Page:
work [4] has shown that one can calculate the oxygen concentration in the ullage as a function
of time after initiating the NEA purge from the following equation,
y A − yU (t )
 Qt 
= 1 − exp  − 
y A − yNEA
 V 
where y is the oxygen mole fraction, the subscript A indicates the value for ambient conditions
(i.e., 0.21), the subscript U indicates the value in the ullage, the subscript NEA indicates the
NEA stream, Q is the NEA volumetric flow rate, V is the ullage volume, and t is elapsed time
since starting the NEA purge. The mole fraction ratio on the left of Equation (1) is referred to
as the “inerting ratio” while the ratio in the exp function on the right is referred to as the
“volumetric tank exchange” (VTE). The VTE indicates how many times the ullage volume has
been displaced by NEA.
You are to calculate the NEA composition and flow rate to inert the combined fuel tank ullage
of a generic aircraft using NEA. The tank is considered inerted when the oxygen concentration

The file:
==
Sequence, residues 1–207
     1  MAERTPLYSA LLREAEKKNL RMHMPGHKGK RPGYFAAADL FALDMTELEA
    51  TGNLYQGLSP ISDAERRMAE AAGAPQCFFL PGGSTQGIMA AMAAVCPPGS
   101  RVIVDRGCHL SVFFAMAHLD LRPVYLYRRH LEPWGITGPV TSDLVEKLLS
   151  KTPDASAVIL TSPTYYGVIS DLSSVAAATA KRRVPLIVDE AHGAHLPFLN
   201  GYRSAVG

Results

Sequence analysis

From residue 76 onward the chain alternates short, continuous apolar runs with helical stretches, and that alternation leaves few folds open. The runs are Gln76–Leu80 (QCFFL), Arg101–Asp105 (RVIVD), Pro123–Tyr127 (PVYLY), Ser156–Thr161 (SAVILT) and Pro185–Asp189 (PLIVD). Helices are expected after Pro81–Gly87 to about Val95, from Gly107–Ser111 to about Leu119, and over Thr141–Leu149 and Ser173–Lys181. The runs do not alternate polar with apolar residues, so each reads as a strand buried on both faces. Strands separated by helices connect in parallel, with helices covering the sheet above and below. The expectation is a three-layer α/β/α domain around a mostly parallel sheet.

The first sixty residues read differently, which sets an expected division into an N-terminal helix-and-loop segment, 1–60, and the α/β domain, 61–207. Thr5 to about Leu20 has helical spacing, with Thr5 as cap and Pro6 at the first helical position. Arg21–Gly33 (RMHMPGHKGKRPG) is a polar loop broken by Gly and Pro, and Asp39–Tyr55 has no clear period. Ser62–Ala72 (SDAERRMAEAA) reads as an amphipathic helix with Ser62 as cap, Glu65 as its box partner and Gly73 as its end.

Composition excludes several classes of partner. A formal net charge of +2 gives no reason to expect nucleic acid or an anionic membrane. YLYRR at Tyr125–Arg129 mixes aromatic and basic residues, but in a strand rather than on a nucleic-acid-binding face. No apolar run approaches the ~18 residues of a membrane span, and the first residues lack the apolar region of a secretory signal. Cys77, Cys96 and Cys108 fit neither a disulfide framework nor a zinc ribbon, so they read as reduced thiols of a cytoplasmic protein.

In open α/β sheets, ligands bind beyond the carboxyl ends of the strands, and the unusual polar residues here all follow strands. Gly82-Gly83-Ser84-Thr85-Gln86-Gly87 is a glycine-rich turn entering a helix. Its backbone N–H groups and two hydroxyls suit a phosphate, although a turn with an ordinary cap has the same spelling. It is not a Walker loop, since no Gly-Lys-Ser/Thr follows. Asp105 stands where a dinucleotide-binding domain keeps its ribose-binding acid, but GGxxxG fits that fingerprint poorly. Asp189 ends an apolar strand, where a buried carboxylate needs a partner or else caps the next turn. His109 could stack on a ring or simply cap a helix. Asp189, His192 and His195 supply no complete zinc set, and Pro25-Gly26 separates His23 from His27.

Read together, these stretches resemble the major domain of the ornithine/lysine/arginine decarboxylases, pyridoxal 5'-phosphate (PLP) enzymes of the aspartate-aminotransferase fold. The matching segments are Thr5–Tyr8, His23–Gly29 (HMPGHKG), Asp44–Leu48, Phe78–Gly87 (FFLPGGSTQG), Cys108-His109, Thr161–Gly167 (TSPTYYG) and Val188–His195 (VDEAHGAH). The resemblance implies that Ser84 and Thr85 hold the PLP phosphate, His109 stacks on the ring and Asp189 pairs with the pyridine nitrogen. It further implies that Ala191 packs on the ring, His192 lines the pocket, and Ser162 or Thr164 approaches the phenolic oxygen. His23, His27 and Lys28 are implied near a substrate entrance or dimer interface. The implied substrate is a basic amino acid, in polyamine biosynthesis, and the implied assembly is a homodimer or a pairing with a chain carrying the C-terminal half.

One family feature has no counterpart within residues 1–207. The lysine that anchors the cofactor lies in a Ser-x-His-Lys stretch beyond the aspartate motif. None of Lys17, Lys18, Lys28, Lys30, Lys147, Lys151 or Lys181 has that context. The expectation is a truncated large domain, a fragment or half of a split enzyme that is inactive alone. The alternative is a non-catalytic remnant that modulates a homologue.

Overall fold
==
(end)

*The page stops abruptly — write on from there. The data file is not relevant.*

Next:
drops below 8%. You may assume aircraft operate with fuel loadings of 60-90%. Additionally,
the time available to inert the tank is limited by aircraft turnaround times – the time between
when an aircraft arrives at the gate and the time it leaves for its next destination. Inerting must
be completed on or before the allotted turnaround time has elapsed. Typical turnaround times
are given in Table 2.
Table 2. Typical turnaround times for generic aircraft.
Aircraft Type Turnaround Time (min)
Business Jet
Additionally, you are to determine the number of hollow fiber gas separation modules required
to provide the NEA and to size a compressor to provide the required NEA flow rate. A sample
module has been provided for your testing to obtain the data required to do this.
CHEE 4550
Polymeric membranes in the form of sheets or fine hollow fibers can be used to separate gas